Environment Ministry stalling on investigation into presence of dangerous chemicals in Danish rainfall

Recent tests carried out by TV2 revealed the presence of PFAS in four out of five samples

The discovery of PFAS in the groundwater was a common occurrence last year, but now there is growint concern that the dangerous chemical is also present in much of Denmark’s rainfall.

PFAS chemicals, which have been found in the groundwater of a fifth of the country’s municipalities, are highly detrimental to human health. They are carcinogenic, increasing the risk of both kidney and testicular cancer, and do not degrade naturally. 

Pressure is accordingly growing on the environment minister, Magnus Heunicke, to initiate an investigation into the presence of PFAS in Denmark’s rainfall.

Passing the buck
However, the ministry, along with the Miljøstyrelsen environmental protection agency, seem content to pass the buck to one another, without anything being decided.

This is a source of frustration for Enhedslisten, SF, Danmarksdemokraterne and Konservative, along with government parties Venstre and Moderaterne, who all support an investigation. 

“When there is such a serious suspicion of PFAS in the rain, it obliges the government to start an investigation immediately,” Mai Villadsen, the environment spokesperson for Enhedslisten, told TV2. 

Conclusive evidence
Tests carried out by TV2 Vejr in collaboration with the Eurofins laboratory in the autumn found PFAS present in four out of five rainfall samples taken.

In one of them, taken in Lyngby just north of Copenhagen, there were 1.5 nanograms of PFAS per litre – just 0.5 shy of what is considered to be a dangerous amount if consumed.

And it has just been acknowledged that PFAS was found in tests in 2004, which revealed a presence of 2.4 nanograms per litre of PFOS and 23.2 nanograms per litre of PFDA.

Withheld for nearly two decades
Villadsen cannot believe that the 2004 results were withheld for so long.

“It surprises me enormously, and it is something we will have to get to the bottom of. Why hasn’t the Danish Parliament been informed about this, when there has been so much focus on PFAS in recent years?” she asked.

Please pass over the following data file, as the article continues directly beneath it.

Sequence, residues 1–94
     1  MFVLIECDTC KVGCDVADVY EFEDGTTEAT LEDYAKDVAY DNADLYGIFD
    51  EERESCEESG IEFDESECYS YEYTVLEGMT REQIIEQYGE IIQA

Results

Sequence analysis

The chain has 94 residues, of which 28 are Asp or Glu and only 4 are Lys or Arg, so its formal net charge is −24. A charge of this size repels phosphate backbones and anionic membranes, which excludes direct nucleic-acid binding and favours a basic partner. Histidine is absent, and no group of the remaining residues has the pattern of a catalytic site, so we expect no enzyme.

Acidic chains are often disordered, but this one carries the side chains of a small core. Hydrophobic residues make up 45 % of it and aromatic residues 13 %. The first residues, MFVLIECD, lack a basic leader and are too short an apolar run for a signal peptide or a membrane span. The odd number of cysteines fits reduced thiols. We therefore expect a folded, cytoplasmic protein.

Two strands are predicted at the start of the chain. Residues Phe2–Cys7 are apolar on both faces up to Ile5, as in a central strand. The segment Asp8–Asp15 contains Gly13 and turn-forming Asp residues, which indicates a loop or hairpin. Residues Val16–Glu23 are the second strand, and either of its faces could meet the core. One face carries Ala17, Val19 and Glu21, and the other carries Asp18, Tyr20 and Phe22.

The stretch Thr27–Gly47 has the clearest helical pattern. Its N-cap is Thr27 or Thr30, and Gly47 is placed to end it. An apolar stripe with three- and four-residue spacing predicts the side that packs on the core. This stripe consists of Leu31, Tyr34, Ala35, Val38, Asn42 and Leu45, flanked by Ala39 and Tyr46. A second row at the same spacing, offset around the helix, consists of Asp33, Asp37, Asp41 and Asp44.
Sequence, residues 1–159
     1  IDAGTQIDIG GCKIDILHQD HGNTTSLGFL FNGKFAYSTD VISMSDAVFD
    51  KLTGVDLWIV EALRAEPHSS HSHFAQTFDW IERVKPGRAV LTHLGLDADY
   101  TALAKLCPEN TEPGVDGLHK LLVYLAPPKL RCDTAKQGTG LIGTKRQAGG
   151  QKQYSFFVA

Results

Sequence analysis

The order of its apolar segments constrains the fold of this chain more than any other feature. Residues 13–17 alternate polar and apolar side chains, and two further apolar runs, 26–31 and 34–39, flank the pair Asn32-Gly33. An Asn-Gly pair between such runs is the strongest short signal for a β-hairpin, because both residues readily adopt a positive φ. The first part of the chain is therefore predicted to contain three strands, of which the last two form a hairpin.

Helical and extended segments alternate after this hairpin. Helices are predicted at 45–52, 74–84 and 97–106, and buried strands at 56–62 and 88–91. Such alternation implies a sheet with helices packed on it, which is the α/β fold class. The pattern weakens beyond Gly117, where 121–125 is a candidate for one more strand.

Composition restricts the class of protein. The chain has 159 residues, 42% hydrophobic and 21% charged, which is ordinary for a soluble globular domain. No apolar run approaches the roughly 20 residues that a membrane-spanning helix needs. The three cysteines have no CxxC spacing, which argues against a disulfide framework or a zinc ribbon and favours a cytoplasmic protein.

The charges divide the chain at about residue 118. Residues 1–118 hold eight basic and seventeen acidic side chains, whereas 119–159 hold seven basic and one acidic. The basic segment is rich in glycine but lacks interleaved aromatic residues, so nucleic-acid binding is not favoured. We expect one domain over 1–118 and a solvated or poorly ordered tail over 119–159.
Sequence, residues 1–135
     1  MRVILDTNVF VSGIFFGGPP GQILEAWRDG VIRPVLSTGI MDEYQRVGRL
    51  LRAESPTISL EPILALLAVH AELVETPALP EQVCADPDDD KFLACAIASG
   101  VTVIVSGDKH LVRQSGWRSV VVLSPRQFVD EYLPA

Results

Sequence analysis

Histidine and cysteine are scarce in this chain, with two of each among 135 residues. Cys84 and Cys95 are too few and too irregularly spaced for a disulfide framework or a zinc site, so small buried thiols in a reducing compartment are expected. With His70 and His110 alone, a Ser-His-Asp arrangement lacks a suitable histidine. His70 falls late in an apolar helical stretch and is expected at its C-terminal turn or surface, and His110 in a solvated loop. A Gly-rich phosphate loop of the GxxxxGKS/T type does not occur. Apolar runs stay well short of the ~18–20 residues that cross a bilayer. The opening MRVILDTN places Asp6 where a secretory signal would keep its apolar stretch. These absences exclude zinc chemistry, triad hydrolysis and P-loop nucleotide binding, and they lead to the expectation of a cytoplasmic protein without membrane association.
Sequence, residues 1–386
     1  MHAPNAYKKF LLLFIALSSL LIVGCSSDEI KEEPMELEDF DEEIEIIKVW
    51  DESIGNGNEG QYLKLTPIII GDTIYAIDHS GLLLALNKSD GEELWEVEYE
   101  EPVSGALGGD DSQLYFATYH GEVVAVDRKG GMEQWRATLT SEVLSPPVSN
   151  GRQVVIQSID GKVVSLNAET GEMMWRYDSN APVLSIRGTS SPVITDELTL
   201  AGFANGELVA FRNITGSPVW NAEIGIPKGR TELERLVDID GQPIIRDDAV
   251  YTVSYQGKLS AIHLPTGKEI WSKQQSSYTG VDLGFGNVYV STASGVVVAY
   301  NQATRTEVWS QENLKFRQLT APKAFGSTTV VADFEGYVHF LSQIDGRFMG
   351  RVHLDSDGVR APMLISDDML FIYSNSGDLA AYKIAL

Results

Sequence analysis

Venstre’s spokesperson Erling Bonnesen has also urged the ministry to take action: “It is important to look at the presence of PFAS in everything, including in rain, if it is relevant. I don’t think it’s satisfactory in any way.”

  • How internationals can benefit from joining trade unions

    How internationals can benefit from joining trade unions

    Being part of a trade union is a long-established norm for Danes. But many internationals do not join unions – instead enduring workers’ rights violations. Find out how joining a union could benefit you, and how to go about it.

  • Internationals in Denmark rarely join a trade union

    Internationals in Denmark rarely join a trade union

    Internationals are overrepresented in the lowest-paid fields of agriculture, transport, cleaning, hotels and restaurants, and construction – industries that classically lack collective agreements. A new analysis from the Workers’ Union’s Business Council suggests that internationals rarely join trade unions – but if they did, it would generate better industry standards.

  • Novo Nordisk overtakes LEGO as the most desirable future workplace amongst university students

    Novo Nordisk overtakes LEGO as the most desirable future workplace amongst university students

    The numbers are especially striking amongst the 3,477 business and economics students polled, of whom 31 percent elected Novo Nordisk as their favorite, compared with 20 percent last year.